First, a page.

What struck me as strange was that American companies took so long to smell the green dough. But, apparently, the ever-inventive U.S. credit card companies finally got a whiff, if only last year. According to the WSJ, " 'green' cards allow users to channel a percentage of their spending toward efforts to cut greenhouse gas emissions. General Electric Co.'s Earth Reward Platinum card, targets as much as 1% of total spending on the card toward emission-reduction projects" (2-6-08, D1.) The Bank of America's Brighter Planet card followed late last year. It matches dollar for dollar a buyer's purchases with points for carbon offsets. Europe, where the green cards have been widely used for years, was ahead of the curve on this movement. Surprisingly, it would appear that homegrown environmental politics got in the way of the usual American capitalistic instinct, such a part of our financial sector. But as they say, better late than never.
That it took Al Gore to bring this movement to America has always been a wonderment to me; that he would have a different presentation for different groups further proved that he was able to adapt his inconvenient truths to a wide audience. Take his recent presentation to the religious left at the Celebration of New Baptist Covenant on January 31st where several thousand listeners paid $35 a head to hear Gore's speech. It wasn't his usual slide show that thrilled them, but a new presentation interspersed with Biblical quotes. He was even extolled as a "prophet." For a reason known only to Mr. Gore and the conference organizers, including Covenant founder Jimmy Carter, media was excluded from the event, much to their chagrin. When further pressed, however, the conference spokesman admitted that the "former vice-president did not want the slides of those biblical passages to get out on the Internet." Must be that Mr. Gore was worried about one set of inconvenient truths getting overshadowed by another. Would a true prophet, who had the courage of his convictions, have to worry about such mundane matters? Maybe we'll as CEO God to weigh in on that next time He makes an appearance.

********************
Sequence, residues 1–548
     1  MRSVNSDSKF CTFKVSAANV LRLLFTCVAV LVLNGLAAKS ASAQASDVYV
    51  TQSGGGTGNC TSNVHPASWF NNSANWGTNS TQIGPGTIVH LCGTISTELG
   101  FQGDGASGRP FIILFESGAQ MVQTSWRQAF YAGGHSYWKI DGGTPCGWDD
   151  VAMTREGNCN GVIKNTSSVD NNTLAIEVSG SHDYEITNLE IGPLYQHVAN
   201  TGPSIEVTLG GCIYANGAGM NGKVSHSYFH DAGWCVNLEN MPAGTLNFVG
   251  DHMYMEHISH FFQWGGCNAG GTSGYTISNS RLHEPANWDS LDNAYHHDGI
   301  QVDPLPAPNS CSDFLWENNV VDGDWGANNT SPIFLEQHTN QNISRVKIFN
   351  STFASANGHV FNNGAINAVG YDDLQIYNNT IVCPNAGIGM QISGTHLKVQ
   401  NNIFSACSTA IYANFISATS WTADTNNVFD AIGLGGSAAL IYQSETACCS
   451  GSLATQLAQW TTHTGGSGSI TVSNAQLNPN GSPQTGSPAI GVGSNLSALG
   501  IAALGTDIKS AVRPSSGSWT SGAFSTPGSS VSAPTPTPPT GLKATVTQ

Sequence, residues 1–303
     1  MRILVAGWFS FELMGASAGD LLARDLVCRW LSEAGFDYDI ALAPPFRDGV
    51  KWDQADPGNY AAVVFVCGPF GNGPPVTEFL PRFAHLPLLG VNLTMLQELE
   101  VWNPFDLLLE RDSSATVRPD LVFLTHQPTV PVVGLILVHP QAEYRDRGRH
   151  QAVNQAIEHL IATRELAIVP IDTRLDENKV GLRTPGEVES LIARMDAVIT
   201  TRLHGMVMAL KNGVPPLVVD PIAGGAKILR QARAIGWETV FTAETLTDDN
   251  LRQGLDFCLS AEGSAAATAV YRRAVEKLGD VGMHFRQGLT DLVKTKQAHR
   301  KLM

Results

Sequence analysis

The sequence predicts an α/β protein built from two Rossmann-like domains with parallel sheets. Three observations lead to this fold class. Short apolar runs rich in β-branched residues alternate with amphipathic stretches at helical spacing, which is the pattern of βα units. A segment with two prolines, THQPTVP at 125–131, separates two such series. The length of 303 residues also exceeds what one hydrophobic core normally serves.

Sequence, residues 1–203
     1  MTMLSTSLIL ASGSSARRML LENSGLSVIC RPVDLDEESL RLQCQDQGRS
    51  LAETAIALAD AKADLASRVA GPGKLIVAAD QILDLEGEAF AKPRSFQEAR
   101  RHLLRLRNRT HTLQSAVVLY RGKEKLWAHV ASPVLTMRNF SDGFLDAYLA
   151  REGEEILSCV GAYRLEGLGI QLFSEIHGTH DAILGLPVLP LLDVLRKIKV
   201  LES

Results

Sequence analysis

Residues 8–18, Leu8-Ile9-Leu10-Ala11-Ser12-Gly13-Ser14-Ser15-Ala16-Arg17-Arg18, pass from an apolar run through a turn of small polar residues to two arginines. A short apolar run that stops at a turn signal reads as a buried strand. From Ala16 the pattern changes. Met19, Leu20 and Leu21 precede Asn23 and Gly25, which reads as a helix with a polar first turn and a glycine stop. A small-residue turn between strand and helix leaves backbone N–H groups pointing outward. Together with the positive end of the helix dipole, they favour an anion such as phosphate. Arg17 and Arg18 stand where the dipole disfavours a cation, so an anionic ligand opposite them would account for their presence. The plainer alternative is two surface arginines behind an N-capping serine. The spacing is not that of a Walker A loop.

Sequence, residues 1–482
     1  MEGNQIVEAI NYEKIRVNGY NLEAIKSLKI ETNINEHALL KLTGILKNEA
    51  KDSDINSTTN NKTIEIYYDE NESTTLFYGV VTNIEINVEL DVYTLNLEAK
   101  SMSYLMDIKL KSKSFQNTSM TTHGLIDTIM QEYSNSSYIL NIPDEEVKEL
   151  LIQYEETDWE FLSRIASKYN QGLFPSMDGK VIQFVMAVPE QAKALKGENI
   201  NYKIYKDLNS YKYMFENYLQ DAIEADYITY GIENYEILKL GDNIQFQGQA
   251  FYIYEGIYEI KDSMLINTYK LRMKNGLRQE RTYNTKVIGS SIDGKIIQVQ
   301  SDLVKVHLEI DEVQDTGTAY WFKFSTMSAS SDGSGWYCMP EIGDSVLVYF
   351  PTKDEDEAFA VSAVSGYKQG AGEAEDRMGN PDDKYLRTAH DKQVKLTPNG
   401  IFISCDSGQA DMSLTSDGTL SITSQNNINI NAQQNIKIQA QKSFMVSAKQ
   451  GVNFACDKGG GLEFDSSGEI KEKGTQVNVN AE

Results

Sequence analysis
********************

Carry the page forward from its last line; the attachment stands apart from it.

And finally, get out of the way of the Chinese Greenies who have taken their country to task for using disposable chopsticks. According to these militant men and women, the ubiquitous eating utensils are destroying China's forests when trees are downed to produce 63 billion of them annually. Even an activist in an ape suit got into the act by making hit and run appearances at corporate headquarters all over this Asian behemoth. Microsoft, Intel Corp and IBM were all targeted by the stealthy ape-creature, who symbolized the ecological perils embodied in disposable chopstick use. Budding communist-capitalists responded quickly to protect the 100,000 workers making the eating devices--and the war between the groups has raged since.
Greenpeace orchestrated the latest campaign, which has found China to be its next biggest frontier. One wonders what form the chopstick wars will take come summer during the Olympics in Beijing. If you see an ape-suited creature streak across your screen, you can be sure the Chinese Greenies have a few surprises in store.
Of note: The last two entries are compliments of the WSJ, both from the February 8, 2008 issue. The picture of white Datura flowers was taken in late fall 2008 by this blogger. It was her first attempt at growing Daturas--which are native to Central America--in her Wisconsin flower garden. Of course, Daturas are the size of trees in Central America and were no taller than 2 feet in her garden!
Todays Weather Report: Bright, sunny and 30 degrees. Gorgeous.